Over 100 Years Ago
While out sailing one day in February of 1900, Standard Oil and Railroad magnet, Henry Flagler stopped at North Beach and asked Catherine and Frank Usina if they could prepare a meal of roasted local oysters for himself and a group of friends. The Usina’s agreed. Afterwards, a hat was passed and they were presented with what was more than a weeks’ salary at that time.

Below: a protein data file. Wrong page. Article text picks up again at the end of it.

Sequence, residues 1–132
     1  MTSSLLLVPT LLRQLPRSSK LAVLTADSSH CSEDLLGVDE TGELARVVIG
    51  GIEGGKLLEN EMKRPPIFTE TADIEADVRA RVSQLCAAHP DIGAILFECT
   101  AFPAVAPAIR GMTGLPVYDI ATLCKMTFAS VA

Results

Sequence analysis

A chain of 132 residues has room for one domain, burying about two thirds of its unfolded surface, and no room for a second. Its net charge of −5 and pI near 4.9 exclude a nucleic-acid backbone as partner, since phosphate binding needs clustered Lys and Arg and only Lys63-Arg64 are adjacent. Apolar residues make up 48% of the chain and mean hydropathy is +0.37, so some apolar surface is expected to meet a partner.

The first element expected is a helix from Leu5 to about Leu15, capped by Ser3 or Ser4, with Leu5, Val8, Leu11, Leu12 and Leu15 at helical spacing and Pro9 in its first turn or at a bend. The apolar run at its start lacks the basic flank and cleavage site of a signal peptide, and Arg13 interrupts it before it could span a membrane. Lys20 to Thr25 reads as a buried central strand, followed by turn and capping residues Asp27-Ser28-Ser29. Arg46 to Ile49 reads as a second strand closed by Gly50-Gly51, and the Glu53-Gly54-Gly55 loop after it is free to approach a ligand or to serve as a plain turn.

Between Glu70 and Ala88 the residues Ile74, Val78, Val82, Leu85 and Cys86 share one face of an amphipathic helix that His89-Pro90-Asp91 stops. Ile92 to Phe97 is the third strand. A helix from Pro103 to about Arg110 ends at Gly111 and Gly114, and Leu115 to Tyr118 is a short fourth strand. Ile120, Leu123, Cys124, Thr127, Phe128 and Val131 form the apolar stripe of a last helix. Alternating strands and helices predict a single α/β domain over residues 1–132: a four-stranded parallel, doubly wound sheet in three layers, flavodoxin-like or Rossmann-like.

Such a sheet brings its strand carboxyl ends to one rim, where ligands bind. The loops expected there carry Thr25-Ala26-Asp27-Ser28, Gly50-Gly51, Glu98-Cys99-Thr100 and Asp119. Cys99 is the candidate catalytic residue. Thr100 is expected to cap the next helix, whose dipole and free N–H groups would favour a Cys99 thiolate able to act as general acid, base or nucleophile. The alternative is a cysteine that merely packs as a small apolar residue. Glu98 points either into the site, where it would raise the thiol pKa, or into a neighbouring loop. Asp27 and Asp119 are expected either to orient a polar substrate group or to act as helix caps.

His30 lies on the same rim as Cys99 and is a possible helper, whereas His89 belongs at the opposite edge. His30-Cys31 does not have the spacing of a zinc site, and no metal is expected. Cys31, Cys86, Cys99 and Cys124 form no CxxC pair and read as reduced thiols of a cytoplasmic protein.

That began a tradition of serving fresh, local seafood that survived the depression and spanned the transition from Usina’s Pavilion to Oscar’s Old Florida Restaurant through several operators until the restaurant burned in September 2001.
Frank Andreu Usina’s family was one of several indentured servants from the island of Menorca who fled the failed English Colony at New Smyrna to safety in St. Augustine in 1768.